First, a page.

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Calling All Chefs (and Their Customers) 19.8.2015 Green on HuffingtonPost.com
Chefs have the great task of nourishing others. And hopefully that means caring about every ingredient they are using. Though just as consumers turn a blind eye to food choice, so do many culinary wizards. And while I realize and appreciate that everyone has a different starting point, it's time that we help these incredible women and men take on the role of agents of change, understanding the true value of quality ingredients. Working with many accomplished chefs over the years, I realize no matter how beautiful or delicious, food will always miss the mark for me if using the purist most sustainable ingredients doesn't take center stage--if not 100% of the time, then most of the time. As a chef trained at Natural Gourmet Institute I know firsthand that truly high quality ingredients can be used across the board to create delicious food. However many of the notables were taught that quality equals flavor (a top down approach) rather than quality means far more than just flavor--it starts with sourcing ...
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Agroecology as a Tool for Liberation: Transforming Industrial Agriculture in El Salvador 16.8.2015 Truthout.com
Miguel Ramirez training family farmers on seed bank management. (Photo courtesy of MAOES)Beverly Bell interviewed Miguel Ramirez, National Coordinator of the Organic Agriculture Movement of El Salvador, about agroecology as a tool for liberation. An edited transcript of Ramirez's replies appears below. We say that every square meter of land that is worked with agro-ecology is a liberated square meter. We see it as a tool to transform farmers’ social and economic conditions. We see it as a tool of liberation from the unsustainable capitalist agricultural model that oppresses farmers. We in the Organic Agriculture Movement see the soil as Mother Earth, a living organism, which gives birth to all kinds of life. Mother Earth is agonizing, and needs to be rescued. Even a new small plot of land under organic management is part of the effort to revive her. We now have around 3,700 small local producers who are educated and working on organic agriculture in El Salvador. We’re just about one percent of all small ...
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Four Ways Mexico’s Indigenous Farmers Are Practicing the Agriculture of the Future 15.8.2015 Commondreams.org Views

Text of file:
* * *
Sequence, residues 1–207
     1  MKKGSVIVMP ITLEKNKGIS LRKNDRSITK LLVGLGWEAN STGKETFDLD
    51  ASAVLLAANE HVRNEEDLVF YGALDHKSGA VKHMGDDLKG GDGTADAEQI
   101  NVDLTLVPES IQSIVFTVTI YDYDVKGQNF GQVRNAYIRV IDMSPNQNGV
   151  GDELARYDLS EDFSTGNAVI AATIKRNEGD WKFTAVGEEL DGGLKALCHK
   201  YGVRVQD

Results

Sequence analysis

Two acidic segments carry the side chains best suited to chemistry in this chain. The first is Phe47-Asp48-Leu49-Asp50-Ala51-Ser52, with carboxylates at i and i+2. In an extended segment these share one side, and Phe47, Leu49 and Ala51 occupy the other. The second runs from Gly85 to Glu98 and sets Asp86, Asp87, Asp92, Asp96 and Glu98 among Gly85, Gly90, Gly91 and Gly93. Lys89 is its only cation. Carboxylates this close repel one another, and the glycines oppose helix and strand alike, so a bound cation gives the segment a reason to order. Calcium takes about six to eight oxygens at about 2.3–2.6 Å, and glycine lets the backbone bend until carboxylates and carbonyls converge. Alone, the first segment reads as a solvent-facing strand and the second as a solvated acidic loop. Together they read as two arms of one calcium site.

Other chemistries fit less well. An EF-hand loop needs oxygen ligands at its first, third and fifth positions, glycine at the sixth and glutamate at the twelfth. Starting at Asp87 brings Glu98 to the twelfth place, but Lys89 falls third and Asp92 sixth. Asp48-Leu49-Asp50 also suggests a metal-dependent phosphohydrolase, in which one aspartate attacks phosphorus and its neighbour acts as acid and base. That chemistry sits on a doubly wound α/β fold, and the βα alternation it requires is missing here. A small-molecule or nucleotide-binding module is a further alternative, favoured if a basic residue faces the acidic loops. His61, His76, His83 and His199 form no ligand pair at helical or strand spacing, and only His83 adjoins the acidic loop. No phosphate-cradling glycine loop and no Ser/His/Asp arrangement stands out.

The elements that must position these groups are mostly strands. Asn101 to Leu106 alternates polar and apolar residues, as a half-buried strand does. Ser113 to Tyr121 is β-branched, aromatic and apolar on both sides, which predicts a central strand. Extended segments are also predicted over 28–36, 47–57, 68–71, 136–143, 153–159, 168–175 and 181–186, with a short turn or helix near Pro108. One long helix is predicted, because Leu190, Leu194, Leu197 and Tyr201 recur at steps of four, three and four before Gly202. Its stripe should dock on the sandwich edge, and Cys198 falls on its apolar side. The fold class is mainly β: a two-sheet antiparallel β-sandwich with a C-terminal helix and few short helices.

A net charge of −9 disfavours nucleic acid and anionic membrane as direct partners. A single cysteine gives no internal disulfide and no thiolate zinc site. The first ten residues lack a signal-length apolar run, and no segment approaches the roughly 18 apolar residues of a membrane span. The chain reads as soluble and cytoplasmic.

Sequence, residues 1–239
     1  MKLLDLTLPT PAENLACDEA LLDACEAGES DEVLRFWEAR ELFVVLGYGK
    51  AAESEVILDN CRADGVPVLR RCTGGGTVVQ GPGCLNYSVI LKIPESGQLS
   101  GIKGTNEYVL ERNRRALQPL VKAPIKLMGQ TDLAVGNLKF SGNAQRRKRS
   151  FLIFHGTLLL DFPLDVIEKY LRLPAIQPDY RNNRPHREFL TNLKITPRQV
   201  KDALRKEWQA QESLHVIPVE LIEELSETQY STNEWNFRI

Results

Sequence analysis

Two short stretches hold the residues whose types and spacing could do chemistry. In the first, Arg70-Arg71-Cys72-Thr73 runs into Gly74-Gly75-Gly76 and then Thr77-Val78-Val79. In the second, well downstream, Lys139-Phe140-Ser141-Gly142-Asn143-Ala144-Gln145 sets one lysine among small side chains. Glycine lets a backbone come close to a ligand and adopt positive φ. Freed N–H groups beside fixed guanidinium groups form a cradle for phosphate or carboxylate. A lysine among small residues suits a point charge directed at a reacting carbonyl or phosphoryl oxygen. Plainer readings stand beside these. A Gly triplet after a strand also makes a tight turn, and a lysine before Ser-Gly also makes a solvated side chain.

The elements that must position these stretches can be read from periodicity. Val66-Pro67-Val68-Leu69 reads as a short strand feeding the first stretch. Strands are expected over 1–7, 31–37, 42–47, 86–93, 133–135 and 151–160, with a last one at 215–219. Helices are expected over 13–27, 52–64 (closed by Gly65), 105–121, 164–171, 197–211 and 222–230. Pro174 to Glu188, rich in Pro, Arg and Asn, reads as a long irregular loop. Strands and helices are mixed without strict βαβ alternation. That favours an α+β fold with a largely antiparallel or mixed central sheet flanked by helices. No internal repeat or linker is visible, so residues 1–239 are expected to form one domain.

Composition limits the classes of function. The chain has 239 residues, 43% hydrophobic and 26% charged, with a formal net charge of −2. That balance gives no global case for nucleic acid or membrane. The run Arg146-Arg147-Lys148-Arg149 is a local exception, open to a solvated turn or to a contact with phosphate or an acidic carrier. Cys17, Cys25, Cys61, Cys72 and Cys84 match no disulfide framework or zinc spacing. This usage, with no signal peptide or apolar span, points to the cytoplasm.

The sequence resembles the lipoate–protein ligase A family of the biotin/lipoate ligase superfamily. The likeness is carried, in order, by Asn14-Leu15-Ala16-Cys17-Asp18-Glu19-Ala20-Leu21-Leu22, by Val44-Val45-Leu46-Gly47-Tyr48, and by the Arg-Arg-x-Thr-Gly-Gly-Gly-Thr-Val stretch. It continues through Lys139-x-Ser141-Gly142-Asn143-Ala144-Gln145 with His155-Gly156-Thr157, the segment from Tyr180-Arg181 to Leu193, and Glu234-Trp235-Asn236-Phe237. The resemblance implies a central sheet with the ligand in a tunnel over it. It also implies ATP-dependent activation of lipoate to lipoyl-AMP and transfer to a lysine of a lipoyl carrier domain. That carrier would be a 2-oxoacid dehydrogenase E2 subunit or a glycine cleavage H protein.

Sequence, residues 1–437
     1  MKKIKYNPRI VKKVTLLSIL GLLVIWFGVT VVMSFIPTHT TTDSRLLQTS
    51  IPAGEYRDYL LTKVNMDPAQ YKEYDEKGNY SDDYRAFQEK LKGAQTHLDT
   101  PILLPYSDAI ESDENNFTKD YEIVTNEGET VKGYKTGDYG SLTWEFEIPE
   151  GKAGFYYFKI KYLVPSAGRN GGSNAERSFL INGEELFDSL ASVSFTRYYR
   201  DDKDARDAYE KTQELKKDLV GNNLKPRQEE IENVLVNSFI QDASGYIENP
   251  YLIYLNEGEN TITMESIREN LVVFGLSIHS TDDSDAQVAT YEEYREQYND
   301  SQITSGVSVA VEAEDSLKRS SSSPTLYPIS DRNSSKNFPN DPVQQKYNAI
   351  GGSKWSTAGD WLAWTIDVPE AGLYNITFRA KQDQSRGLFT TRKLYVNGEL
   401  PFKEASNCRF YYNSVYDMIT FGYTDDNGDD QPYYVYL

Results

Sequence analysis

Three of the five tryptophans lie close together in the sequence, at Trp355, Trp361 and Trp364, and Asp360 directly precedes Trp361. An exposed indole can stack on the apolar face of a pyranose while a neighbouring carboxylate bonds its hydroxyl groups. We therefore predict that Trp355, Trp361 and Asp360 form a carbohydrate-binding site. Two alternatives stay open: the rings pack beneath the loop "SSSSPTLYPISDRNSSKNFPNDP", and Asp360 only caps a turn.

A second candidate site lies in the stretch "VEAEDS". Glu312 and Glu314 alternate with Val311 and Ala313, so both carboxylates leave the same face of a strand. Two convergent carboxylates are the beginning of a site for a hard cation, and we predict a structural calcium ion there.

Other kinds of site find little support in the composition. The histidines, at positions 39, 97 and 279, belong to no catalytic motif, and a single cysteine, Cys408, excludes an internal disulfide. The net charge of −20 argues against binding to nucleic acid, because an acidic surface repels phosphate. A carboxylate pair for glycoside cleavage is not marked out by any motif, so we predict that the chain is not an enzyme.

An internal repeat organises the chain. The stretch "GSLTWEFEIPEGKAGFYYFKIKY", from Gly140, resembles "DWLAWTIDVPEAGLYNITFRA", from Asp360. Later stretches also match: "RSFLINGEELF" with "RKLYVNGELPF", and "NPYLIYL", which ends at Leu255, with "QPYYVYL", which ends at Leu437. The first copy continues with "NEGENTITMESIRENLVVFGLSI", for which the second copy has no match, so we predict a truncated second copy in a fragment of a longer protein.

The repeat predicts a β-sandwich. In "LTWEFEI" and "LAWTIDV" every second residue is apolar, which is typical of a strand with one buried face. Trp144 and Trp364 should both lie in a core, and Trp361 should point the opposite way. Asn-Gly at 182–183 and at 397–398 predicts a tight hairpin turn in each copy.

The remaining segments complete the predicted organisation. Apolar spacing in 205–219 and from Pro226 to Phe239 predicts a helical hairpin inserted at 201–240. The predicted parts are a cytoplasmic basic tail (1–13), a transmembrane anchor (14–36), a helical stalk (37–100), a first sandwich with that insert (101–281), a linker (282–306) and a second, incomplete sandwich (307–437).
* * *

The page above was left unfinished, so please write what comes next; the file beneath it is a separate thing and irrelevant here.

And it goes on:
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Specialty foods for the locals 15.8.2015 Philly.com News
Joe Rauh Jr. is the owner of a new supermarket in Egg Harbor Township, JR's Fresh Market, that specializes in organic produce, meats, and other specialty items. It has opened in the wake of a jobless glut and faltering economy after the closings of four Atlantic City casinos and the domino effect of other business closings in the Shore region, including several supermarkets.
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5 Fertilizer Facts That Dispel the Myths 14.8.2015 Green on HuffingtonPost.com
Soil has seen its place in the sun this year, with the United Nations having declared 2015 the International Year of Soils and continued scientific research showing the importance of healthy soils as a key component of our food system. Looking forward, the world is faced with a colossal challenge: to produce more food in the next four decades that we have done in the last 10,000 years combined. This cannot happen without healthy soils to nourish the crops we grow. While fertilizers are a vitally important way to maintain healthy soils, the topic has remained a polemical issue. Are mineral or organic fertilizers better for the environment? What is even the difference between the two? Many myths have circulated on this topic - but science can set the record straight: 1. Mineral fertilizers can be "natural" too. It is important to distinguish here what we mean by organic and mineral, natural and synthetic (man-made). Organic fertilizers contain carbon. Some are natural such as manure, and others are ...